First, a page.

Brady, 22, was reviewing an inventory list when he heard a service member saying that there was a puppy outside. It turned out to be an adorable ball of fluff that’s smaller than his boots. Brady then contacted SPCA International, which helps American service members bring home pets they met while serving throughout the world with the help of Operation Baghdad Pups: Worldwide.
Brady faced a stressful hurdle the day of their flights when airport officials said that the puppy was ineligible to fly because her crate didn’t have a certain type of plastic screw. Frantic, he searched low and high for screws and called Lori Kales, who is a program director at SPCA International and worked behind the scenes to get Marshmallow on the plane.
Despite having to take care of Marshmallow, Brady knew he wanted to permanently adopt the puppy and get her back home to Long Island, New York. When the current world situation forced members of the military to isolate the base, he said that Marshmallow and a few other strays helped boost troop morale with their cuddles and antics.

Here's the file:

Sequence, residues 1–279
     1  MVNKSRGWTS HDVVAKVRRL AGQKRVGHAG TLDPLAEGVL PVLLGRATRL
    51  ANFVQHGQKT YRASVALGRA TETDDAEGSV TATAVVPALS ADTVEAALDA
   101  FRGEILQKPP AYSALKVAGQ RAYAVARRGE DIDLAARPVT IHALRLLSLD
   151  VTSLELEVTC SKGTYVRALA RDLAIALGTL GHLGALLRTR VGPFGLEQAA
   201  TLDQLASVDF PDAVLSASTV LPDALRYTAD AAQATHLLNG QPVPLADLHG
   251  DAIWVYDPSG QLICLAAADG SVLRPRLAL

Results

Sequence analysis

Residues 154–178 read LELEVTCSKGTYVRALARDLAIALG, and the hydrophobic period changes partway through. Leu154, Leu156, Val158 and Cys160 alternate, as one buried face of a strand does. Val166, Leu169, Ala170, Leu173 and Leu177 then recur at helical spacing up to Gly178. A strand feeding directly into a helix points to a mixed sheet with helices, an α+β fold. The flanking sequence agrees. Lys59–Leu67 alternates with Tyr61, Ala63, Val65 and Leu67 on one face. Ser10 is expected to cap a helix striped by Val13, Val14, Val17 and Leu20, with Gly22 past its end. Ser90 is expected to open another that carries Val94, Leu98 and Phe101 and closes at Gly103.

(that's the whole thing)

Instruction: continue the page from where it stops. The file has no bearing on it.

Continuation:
He had to trust the nonprofit and leave the fluffy fellow and head to the security checkpoint while Kales placed calls on his behalf. Eventually, the airport approved using zip ties instead of screws. He said that he got a phone call from Lori enthusiastically saying that she’s on the plane. As uncharacteristic as it might sound, they both broke down and started crying a little bit because the whole experience was so stressful.
Credits to Operation Baghdad Pups
Because Brady was under quarantine on a military base in North Carolina for two weeks, Marshmallow lived with his parents until the dog and the serviceman was finally reunited. The puppy was so overjoyed to see him that she popped the stitches from her spay surgery, but soon recovered. She adjusted nicely to life in the U.S. and even claimed Brady’s couch for her own. Because of Operation Baghdad Pups, these two friends are reunited and spending time together.